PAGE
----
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Animal Crossing and the Joy of Bucolic Drudgery

Me, in jester’s hat, superhero mask, and business suit, with the quetzalcoatlus skeleton that looms over my property.

Why did I play Animal Crossing for four hours today?

About a month ago I became one of the bajillions of people of all ages enthralled with Nintendo’s bucolic-drudgery simulator, Animal Crossing: New Horizons. I never expected to be. When the game was announced, having no frame of reference for the previous iterations, I was utterly uninterested. Then I saw the deluge of fawning coverage and player testimonials about how this game, this experience, was keeping people sane during the COVID-19 lockdown, and I decided to give it a shot.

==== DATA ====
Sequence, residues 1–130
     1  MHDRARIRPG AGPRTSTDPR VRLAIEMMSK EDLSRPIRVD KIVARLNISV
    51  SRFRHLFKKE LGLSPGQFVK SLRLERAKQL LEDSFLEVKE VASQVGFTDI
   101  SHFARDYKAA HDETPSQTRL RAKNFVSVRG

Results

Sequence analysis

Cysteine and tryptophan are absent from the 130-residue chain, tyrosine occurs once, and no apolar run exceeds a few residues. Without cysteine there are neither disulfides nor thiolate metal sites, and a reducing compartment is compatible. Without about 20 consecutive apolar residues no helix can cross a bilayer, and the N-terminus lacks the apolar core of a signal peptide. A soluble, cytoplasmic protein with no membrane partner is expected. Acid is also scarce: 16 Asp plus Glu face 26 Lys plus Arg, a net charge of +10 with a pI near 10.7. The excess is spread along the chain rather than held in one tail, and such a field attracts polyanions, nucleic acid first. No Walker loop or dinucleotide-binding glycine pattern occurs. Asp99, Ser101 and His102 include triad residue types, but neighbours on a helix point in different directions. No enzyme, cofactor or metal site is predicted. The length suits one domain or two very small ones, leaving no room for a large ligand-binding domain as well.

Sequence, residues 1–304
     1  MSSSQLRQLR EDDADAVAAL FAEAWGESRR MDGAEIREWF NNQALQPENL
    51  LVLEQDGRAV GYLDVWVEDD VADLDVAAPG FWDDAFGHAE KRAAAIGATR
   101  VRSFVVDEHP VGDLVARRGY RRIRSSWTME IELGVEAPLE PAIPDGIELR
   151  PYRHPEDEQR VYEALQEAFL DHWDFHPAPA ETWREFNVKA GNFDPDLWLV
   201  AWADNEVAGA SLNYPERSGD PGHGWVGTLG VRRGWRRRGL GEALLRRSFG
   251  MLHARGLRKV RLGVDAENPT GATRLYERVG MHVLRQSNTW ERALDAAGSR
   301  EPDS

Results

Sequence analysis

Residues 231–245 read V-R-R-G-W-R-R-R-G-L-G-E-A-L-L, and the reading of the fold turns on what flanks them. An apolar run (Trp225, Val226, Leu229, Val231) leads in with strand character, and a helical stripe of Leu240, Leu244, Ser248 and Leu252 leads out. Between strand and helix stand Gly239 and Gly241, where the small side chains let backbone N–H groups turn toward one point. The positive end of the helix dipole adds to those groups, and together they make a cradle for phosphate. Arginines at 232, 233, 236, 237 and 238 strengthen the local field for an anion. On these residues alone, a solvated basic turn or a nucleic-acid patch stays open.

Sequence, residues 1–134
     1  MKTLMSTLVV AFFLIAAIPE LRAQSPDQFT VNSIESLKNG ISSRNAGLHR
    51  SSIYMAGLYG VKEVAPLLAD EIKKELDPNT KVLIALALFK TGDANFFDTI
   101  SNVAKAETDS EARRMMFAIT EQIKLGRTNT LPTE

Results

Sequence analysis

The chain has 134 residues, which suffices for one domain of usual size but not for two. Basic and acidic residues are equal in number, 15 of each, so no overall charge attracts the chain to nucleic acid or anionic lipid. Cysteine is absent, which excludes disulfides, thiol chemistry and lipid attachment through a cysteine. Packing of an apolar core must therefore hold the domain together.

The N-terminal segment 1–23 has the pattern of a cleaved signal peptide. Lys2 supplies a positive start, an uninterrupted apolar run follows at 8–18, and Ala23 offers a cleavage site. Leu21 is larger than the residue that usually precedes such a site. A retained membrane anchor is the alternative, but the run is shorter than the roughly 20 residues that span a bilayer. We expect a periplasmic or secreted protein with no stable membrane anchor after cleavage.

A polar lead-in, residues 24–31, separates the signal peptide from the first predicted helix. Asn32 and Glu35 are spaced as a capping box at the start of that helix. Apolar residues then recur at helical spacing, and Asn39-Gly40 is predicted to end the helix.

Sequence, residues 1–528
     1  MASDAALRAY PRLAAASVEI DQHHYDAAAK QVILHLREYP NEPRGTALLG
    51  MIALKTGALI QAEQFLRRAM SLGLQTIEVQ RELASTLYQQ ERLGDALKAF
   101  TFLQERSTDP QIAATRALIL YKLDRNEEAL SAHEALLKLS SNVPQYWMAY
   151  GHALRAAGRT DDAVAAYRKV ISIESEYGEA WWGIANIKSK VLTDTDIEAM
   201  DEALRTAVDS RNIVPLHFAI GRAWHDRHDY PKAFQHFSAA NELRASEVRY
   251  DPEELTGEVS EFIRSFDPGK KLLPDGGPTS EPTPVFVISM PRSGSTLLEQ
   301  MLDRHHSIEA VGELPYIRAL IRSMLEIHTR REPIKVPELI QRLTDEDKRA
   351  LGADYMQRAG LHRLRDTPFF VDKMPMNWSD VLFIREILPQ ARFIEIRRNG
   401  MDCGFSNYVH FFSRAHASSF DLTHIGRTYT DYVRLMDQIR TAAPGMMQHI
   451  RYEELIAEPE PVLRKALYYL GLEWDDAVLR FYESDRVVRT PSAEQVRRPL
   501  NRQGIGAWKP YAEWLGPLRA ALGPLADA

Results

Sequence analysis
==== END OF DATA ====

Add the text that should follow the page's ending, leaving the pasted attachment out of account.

Now it’s the center of most family activity and interest at my house. My kids can’t stop talking and thinking about the game, and even my partner, who never plays any video games whatsoever, is utterly devoted to it. (She plays more than any of us!) The four of us are constantly dishing about the other island residents and trading gossip about their quirky behaviors (we all just love Zucker), and we cheer each other on for our successes. (“I finally caught an oarfish!”)

My partner Renée with her big catch. I have a heart attack every time I pull one of these monsters out of the water.

But, you know, why?